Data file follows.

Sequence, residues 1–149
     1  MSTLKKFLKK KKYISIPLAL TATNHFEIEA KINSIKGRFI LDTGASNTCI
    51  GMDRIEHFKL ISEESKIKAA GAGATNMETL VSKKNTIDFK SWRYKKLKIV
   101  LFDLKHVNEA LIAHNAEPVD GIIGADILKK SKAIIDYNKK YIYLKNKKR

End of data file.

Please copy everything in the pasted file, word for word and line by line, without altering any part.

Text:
Sequence, residues 1–149
     1  MSTLKKFLKK KKYISIPLAL TATNHFEIEA KINSIKGRFI LDTGASNTCI
    51  GMDRIEHFKL ISEESKIKAA GAGATNMETL VSKKNTIDFK SWRYKKLKIV
   101  LFDLKHVNEA LIAHNAEPVD GIIGADILKK SKAIIDYNKK YIYLKNKKR